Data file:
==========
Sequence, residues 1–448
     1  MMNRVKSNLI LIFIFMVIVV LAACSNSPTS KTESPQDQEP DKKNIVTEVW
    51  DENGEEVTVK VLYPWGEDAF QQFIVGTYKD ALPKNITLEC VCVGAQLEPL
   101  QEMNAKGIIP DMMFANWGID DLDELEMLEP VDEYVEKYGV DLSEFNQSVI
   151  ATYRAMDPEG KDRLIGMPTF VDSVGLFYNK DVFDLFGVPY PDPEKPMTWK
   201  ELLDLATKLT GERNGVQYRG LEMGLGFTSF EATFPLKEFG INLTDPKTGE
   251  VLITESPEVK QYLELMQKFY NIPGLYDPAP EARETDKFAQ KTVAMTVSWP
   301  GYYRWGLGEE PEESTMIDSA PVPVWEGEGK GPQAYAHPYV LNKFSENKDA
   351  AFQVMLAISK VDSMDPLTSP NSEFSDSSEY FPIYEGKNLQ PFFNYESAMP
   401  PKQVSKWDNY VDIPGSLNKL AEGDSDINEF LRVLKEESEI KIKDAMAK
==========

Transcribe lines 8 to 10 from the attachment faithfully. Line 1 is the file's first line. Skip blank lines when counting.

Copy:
   301  GYYRWGLGEE PEESTMIDSA PVPVWEGEGK GPQAYAHPYV LNKFSENKDA
   351  AFQVMLAISK VDSMDPLTSP NSEFSDSSEY FPIYEGKNLQ PFFNYESAMP
   401  PKQVSKWDNY VDIPGSLNKL AEGDSDINEF LRVLKEESEI KIKDAMAK